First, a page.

With estimates of over 150,000 new cases and over 50,000 deaths in 2022, colorectal cancer (CRC) remains one of the top five most common cancers in the United States. The complex nature of this cancer has created challenges in developing effective therapeutic options for CRC patients. Further, the minimal symptoms associated with CRC make early detection a challenge. While early-stage, localized cases reach five-year survival around 90% of the time, less than 20% of patients diagnosed with more advanced, distant CRC achieve five-year survival.
One subtype of CRC associated with dismal outcomes is mesenchymal colorectal cancer (mCRC). Immune cell infiltration into the tumors of mCRC patients is typically poor resulting in poor responses to immune-based therapies. Additionally, mCRCs have desmoplastic properties indicating strong, fibrous adhesions that form within the tumor and the presence of cells known as cancer-associated fibroblasts (CAFs). In CRC, CAFs promote tumor invasion, further indicating a poor prognosis. In part, a process known as epithelial-to-mesenchymal transition (EMT) accelerates the aggressive nature of mCRC. During EMT, epithelial cells convert to mesenchymal cells, accompanied by properties that enhance cancer promotion. An enzyme called atypical protein kinase C (aPKC) facilitates the EMT process in mCRC.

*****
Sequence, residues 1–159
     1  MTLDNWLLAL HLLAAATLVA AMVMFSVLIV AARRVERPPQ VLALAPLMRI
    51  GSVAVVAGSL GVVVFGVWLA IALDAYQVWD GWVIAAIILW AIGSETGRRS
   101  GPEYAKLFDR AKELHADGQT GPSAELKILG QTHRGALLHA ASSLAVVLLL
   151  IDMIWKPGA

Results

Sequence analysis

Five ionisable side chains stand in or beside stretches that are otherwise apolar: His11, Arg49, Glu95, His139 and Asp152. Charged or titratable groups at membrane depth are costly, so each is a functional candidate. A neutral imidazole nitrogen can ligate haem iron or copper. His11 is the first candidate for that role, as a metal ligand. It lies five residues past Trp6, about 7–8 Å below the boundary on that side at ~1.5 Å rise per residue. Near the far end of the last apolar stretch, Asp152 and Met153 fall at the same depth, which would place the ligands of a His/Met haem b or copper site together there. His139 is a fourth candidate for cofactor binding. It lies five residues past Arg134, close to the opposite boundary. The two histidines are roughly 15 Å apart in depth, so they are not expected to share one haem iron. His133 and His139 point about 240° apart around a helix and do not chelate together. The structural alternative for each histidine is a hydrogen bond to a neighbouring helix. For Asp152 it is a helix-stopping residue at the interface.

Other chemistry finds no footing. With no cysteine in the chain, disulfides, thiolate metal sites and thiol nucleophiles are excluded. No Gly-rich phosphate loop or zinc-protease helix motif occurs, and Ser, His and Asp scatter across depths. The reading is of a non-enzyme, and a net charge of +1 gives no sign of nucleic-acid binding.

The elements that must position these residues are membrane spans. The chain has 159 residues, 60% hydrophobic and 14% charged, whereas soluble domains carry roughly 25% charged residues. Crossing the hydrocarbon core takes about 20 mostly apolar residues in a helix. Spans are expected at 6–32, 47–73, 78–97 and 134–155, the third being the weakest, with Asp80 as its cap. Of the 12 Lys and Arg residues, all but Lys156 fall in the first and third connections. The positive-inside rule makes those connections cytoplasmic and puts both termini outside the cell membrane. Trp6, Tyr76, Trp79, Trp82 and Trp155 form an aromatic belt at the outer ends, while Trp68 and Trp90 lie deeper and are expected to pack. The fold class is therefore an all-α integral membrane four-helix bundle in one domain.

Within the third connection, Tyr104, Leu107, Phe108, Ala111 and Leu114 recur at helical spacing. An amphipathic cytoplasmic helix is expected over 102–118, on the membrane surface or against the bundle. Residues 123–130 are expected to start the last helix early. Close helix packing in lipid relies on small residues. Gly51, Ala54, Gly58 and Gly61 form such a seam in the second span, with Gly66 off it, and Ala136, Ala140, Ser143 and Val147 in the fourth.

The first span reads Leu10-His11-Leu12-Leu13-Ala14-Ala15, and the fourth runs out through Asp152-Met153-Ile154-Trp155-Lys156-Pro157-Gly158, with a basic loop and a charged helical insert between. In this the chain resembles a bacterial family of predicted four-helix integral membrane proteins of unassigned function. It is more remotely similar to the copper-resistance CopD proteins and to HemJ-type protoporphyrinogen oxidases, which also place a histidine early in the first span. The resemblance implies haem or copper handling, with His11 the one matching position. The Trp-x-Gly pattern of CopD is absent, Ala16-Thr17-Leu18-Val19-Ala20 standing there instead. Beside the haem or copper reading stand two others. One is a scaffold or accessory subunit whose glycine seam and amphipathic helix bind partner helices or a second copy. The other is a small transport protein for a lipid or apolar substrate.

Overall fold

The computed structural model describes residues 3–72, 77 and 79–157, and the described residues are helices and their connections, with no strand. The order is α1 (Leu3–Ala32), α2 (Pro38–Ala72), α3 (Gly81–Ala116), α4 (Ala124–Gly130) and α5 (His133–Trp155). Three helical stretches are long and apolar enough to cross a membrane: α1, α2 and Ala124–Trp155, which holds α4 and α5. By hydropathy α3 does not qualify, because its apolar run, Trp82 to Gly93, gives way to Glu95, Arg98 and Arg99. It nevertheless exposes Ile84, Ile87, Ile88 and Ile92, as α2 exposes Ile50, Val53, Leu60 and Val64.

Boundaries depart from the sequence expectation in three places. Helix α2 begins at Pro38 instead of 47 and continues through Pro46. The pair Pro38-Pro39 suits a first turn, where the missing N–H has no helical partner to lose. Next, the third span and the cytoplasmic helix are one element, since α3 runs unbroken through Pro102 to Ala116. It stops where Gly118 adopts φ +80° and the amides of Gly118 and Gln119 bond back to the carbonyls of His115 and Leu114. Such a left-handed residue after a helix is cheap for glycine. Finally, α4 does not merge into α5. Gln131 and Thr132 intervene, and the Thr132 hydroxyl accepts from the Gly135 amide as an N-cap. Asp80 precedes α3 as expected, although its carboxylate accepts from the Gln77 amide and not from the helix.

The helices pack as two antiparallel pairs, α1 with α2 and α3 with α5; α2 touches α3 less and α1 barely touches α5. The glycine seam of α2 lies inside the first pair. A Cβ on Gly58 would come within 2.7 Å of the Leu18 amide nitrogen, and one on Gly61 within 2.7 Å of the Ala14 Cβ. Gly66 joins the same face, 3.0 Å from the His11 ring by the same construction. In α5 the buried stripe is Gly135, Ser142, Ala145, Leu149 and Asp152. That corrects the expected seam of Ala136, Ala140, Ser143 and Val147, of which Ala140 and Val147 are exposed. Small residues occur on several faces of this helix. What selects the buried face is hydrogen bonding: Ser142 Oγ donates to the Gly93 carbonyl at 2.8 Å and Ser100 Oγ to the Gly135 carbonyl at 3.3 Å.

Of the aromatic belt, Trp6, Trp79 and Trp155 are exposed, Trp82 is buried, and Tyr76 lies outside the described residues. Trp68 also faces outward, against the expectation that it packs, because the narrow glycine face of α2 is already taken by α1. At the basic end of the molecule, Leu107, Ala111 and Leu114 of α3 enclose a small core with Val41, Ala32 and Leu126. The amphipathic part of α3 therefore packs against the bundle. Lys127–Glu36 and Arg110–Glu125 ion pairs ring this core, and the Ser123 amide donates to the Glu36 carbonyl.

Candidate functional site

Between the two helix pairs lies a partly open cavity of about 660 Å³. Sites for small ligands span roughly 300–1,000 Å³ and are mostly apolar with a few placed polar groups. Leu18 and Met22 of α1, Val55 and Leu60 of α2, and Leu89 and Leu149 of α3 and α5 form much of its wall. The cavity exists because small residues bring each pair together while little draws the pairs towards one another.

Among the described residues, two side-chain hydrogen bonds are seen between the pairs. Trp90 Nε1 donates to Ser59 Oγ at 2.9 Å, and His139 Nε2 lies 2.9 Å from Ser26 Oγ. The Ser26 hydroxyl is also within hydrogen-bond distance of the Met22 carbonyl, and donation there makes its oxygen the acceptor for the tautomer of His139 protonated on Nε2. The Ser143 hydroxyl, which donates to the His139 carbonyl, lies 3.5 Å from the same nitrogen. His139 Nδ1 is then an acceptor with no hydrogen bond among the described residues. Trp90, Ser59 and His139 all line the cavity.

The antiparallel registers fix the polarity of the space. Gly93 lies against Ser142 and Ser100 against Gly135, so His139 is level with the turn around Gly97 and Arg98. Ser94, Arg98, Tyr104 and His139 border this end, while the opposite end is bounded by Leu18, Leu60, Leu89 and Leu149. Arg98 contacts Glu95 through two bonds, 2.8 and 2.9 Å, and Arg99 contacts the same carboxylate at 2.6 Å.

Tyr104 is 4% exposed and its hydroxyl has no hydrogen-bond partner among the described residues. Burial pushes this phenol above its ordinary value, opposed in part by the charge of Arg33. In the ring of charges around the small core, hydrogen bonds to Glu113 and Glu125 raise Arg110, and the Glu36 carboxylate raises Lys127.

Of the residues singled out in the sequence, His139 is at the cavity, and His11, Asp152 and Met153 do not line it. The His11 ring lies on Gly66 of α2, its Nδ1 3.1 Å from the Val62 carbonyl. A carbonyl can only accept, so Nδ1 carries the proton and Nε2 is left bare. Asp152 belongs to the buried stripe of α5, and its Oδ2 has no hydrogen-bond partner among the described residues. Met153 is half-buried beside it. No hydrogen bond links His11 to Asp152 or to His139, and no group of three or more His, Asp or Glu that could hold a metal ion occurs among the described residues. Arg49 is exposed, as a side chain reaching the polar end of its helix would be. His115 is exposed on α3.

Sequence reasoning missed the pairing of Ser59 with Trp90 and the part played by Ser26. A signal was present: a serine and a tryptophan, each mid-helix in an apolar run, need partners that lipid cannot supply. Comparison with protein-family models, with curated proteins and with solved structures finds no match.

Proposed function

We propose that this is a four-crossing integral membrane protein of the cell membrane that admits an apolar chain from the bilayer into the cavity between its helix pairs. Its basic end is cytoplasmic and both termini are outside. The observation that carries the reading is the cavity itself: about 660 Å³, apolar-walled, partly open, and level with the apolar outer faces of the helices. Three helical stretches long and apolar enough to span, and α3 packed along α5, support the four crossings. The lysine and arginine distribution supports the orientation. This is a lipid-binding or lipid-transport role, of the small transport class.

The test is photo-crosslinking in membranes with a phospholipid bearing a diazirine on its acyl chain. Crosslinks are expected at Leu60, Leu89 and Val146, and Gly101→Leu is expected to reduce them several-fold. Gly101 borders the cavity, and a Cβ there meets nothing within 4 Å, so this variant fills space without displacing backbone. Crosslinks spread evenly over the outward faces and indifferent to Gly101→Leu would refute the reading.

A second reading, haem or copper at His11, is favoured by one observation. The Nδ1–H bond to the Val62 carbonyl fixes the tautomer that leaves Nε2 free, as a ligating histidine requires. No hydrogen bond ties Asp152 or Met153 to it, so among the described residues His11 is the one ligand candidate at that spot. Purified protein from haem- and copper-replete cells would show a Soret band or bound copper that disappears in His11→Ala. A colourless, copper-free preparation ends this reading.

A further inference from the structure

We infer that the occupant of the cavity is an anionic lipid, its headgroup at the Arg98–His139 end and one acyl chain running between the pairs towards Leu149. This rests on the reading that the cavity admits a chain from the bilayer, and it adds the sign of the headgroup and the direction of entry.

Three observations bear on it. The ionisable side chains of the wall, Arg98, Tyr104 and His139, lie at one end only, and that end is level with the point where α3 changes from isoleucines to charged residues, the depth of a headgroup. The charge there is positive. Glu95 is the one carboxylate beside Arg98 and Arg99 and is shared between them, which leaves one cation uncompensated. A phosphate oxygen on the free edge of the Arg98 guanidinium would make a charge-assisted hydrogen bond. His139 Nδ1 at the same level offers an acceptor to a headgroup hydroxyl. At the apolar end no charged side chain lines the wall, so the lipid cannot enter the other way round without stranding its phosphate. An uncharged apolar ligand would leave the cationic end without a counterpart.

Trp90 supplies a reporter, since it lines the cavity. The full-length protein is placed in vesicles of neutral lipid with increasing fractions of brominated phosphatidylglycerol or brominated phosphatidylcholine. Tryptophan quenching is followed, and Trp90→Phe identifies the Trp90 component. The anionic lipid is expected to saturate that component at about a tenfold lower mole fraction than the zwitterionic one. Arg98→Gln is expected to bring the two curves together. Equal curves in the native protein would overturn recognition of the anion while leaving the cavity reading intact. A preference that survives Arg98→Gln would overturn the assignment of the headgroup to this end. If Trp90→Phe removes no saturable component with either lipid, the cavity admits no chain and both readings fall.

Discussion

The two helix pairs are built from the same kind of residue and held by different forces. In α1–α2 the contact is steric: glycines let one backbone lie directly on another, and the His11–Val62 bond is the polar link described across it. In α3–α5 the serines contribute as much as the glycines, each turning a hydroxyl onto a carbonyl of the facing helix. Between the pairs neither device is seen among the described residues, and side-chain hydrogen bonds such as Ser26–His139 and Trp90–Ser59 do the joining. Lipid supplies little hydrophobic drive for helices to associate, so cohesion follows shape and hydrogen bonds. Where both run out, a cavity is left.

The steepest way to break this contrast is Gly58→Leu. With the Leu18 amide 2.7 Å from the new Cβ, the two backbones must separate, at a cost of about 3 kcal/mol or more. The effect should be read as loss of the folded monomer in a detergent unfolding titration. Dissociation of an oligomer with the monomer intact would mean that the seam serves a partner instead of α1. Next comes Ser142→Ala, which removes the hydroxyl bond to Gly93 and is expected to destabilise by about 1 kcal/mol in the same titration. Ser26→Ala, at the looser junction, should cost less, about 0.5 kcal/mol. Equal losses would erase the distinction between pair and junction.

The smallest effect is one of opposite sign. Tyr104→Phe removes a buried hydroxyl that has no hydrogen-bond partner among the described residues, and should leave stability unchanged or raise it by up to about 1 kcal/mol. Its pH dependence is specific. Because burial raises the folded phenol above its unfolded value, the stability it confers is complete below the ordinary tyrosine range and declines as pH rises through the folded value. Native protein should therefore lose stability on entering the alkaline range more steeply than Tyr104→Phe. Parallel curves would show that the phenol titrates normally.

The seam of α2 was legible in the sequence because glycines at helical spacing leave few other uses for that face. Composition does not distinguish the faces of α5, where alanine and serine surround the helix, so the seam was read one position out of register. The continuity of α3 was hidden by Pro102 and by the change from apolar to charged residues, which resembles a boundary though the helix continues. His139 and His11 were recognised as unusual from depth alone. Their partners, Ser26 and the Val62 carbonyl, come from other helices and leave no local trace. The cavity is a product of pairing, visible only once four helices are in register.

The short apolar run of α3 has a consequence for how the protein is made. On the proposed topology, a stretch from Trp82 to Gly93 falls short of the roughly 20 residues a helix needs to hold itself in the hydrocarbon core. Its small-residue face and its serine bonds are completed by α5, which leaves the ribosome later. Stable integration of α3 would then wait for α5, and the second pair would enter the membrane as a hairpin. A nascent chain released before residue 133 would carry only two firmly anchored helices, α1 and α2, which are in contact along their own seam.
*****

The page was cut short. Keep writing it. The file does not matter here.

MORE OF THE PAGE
A recently published study in Cancer Cell highlights hyaluronan (HA) and its role in mCRC. The study considered several known characteristics of mCRC to uncover important information that will aid further research and therapeutic advances.
The study first demonstrates that mCRC tumors accumulate large amounts of HA. The researchers utilized the Cancer Genome Atlas (TCGA) to investigate associations between specific genes in the CRC genome. This analysis confirmed that patients with mCRC contained more genes associated with CAFs and lower levels of aPKC than tumors with less mesenchymal characteristics. Additionally, the researchers demonstrated that, in mCRC, deficiency of aPKC led to increased HA.
To evaluate HA's role, researchers administered pegylated hyaluronidase (PEGPH20) to mice with CRC. PEGPH20 works by breaking down HA within tumor cells, allowing the researchers to visualize how CRC tumors reacted without HA, even in an aPKC-deficient setting. In mice with aPKC deficiency, elimination of HA by PEGPH20 prevented desmoplastic appearance and slowed tumor growth. In addition, the depletion of HA also prevented the metastatic spread of CRC to the liver.
Finally, the study demonstrates that depletion of HA sensitizes murine CRC to immune checkpoint inhibitors, a promising type of immunotherapy. Treatment with PEGPH20 increased the expression of programmed death ligand 1 (PD-L1), a molecule found on immune cells that inhibits anti-tumor immune responses. Thus, interrupting the binding of PD-1 and PD-L1 can promote anti-tumor immunity, and this approach has shown significant efficacy in several types of cancer. The researchers demonstrate that treatment with a PD-L1 inhibitor only delays tumor growth in the mouse model in the absence of HA. Mechanistically, colorectal tumors can recruit immune cells following HA depletion, allowing the immunotherapeutic approach to work.
This complex study demonstrates that a combination approach involving depletion of HA before administration of immunotherapy could have significant benefits for patients with highly aggressive, hard-to-treat CRC. The Discovery of the mechanisms surrounding HA-driven cancer progression has the potential to advance this area of cancer research and therapeutic development.
Sources: CA, Nature, Gastroenterol, Int J Cancer, Front Med, Cancer Cell, Exp Molecul Path